Employees are avoiding taking vacation during the pandemic. As leaders we need to address the behaviors behind this phenomenon to avoid burnout and an end-of-year rush.
Just when you thought you’d seen enough hoarding and panic buying for one lifetime, having witnessed store shelves devoid of toilet paper, hand sanitizer, face masks, lumber, and even coins, another hoarding epidemic is sweeping many organizations: vacation hoarding. While there are few reliable statistics on how workers use their vacation time, the US Bureau of Labor Statistics indicates that 73% of US workers have access to paid vacation time, and anecdotally, according to a recent article, many of them are refusing to use that vacation time.
SEE: COVID-19 workplace policy (TechRepublic Premium)
I’ve certainly been guilty of this phenomenon; despite a rather generous amount of paid vacation time, I’ve used very little of what I’ve been allocated. Like many workers, a significant portion of my vacation time each year is “use it or lose it,” in that any unused time disappears without any monetary equivalent. Like many workers, the uncertainty of the current environment had me banking days for reasons that ranged from hopes that the economy would reopen and cancelled vacations could be taken, to concerns about my family or me getting sick and requiring vacation time for recovery.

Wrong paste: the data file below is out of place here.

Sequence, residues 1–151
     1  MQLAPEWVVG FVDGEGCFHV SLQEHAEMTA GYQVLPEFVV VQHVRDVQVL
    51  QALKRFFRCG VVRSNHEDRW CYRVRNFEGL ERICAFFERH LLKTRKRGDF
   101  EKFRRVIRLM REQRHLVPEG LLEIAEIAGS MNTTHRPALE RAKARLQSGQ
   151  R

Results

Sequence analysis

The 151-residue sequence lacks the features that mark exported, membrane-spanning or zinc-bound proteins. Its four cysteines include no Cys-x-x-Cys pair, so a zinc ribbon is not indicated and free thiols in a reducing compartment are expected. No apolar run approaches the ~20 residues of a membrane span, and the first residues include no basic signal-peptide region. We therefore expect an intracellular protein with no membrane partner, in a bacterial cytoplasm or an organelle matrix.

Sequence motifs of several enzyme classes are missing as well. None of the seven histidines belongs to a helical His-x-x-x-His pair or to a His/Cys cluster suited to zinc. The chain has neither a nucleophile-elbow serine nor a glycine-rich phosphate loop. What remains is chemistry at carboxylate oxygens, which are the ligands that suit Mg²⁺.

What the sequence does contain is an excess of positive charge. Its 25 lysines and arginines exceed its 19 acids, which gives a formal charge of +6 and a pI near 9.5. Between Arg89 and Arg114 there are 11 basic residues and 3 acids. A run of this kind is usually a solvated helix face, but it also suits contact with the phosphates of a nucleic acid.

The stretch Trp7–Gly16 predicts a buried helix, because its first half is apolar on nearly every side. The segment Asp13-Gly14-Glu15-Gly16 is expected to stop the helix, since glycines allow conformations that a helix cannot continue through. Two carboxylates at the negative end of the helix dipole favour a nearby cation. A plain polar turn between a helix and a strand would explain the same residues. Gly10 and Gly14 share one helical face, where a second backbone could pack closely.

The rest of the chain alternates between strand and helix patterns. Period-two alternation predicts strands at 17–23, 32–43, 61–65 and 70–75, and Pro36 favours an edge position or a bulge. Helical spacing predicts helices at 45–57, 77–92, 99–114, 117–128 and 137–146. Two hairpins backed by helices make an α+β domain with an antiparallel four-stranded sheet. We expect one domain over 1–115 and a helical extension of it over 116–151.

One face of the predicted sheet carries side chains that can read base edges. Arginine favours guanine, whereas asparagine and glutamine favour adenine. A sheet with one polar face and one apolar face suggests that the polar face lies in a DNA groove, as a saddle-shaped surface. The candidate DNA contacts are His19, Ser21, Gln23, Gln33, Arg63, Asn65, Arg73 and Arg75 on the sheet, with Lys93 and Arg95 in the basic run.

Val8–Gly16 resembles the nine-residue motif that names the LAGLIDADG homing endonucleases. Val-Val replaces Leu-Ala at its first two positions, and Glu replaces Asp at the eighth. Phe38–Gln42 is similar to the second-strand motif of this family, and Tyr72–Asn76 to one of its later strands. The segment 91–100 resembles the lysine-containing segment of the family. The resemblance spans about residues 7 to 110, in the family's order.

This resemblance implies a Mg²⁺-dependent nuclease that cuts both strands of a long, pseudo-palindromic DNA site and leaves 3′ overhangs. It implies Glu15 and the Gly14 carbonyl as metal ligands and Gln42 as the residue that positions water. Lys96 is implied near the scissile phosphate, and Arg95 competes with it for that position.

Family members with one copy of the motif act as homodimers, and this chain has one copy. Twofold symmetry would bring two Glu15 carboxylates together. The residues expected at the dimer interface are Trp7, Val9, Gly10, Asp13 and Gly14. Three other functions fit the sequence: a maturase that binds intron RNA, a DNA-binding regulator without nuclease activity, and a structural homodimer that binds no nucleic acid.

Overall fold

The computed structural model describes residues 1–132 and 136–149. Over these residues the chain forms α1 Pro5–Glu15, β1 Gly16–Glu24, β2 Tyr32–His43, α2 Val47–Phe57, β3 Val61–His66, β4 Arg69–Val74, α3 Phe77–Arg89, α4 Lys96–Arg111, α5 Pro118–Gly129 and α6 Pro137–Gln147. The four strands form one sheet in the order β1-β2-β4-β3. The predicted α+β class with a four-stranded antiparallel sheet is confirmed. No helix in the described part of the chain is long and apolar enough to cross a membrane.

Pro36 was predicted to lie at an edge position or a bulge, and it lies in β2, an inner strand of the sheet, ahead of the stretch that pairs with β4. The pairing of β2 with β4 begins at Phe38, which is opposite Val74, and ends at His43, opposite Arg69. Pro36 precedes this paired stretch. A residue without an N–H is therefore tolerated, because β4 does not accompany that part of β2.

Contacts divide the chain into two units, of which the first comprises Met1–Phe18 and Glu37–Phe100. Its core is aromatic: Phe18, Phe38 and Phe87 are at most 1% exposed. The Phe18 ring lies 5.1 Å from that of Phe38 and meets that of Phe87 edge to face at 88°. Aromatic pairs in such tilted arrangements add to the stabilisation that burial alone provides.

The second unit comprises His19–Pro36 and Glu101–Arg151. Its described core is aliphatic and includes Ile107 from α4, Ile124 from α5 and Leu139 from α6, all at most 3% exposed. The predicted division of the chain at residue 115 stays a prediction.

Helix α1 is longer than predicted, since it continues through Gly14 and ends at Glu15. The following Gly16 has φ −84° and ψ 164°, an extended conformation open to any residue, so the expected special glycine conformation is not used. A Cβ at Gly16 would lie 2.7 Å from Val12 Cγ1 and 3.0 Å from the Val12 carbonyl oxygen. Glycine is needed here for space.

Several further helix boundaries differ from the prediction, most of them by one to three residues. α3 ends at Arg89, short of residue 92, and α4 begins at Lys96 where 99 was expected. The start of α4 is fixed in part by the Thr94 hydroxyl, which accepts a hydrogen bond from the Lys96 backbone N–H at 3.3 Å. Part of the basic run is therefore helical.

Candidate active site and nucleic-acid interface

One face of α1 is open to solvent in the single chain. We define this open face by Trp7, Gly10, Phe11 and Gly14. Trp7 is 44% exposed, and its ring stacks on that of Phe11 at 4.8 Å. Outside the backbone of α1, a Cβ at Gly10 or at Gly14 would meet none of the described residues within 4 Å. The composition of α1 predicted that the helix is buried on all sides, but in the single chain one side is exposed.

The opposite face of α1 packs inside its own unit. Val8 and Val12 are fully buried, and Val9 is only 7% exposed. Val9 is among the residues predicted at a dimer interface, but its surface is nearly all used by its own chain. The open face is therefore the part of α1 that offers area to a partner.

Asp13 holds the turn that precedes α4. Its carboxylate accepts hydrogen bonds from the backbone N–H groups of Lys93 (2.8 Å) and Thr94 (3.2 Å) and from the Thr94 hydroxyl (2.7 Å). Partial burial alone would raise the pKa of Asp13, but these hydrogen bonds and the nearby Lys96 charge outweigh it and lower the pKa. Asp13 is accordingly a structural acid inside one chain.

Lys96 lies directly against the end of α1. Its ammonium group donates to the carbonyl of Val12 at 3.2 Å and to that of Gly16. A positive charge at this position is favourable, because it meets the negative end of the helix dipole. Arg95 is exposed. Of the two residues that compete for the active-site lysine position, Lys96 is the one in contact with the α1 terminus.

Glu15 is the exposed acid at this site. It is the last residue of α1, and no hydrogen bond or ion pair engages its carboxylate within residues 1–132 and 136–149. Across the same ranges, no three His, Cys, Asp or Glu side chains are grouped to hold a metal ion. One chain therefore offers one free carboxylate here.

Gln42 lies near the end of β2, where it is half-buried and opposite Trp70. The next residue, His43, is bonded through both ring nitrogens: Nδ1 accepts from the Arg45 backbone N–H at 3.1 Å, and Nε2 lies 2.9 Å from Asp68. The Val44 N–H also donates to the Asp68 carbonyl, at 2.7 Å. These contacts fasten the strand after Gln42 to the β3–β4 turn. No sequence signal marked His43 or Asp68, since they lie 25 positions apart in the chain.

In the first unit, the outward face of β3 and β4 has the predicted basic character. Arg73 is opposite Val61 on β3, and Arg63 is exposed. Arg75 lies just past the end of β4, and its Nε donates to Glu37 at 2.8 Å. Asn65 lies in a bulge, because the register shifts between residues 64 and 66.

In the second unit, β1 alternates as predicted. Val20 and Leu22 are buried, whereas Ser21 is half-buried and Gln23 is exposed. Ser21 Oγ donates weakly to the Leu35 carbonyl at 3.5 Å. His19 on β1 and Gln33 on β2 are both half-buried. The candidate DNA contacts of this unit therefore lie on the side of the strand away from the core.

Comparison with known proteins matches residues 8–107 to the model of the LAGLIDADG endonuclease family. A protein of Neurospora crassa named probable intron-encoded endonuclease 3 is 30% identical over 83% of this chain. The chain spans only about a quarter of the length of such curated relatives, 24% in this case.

Isn’t unused vacation a good thing?
It’s easy to take a cynical view that employees not using their vacation, especially under a “use it or lose it” regime, is a good thing for the overall company. Vacation time is essentially a cash equivalent, where the company continues to pay workers despite the fact that they’re not working, and unused vacation is akin to employees willingly returning a percentage of their paycheck each month. However, there are two potential problems with employees hoarding their vacation hours.
First, a significant motivation for providing employees with paid vacation time is preventing burnout at work. Time away from the office can do wonders to reinvigorate employees during “normal” times, and these days the ability to recharge is even more important. This is doubly concerning since should conditions improve, there could be an explosion of economic activity in early 2021. If your company is full of employees operating in a zombie-like state due to mental and physical exhaustion just as the phones start ringing and you need their focus most, you run the risk of adding missed opportunity to the damage already wrought by COVID-19.
SEE: How companies are getting employees to take vacation this summer rather than hoard PTO (TechRepublic)
Secondly, at most organizations that reset the “vacation clock” on a calendar-year basis, you run the risk of a vacation rush at the end of the year. Employees who have been delaying plans may suddenly book that time away from the office, leaving you with a year end brain drain and skeleton staff. If the remaining staff are already suffering from burnout, asking them to pick up the work of their vacationing colleagues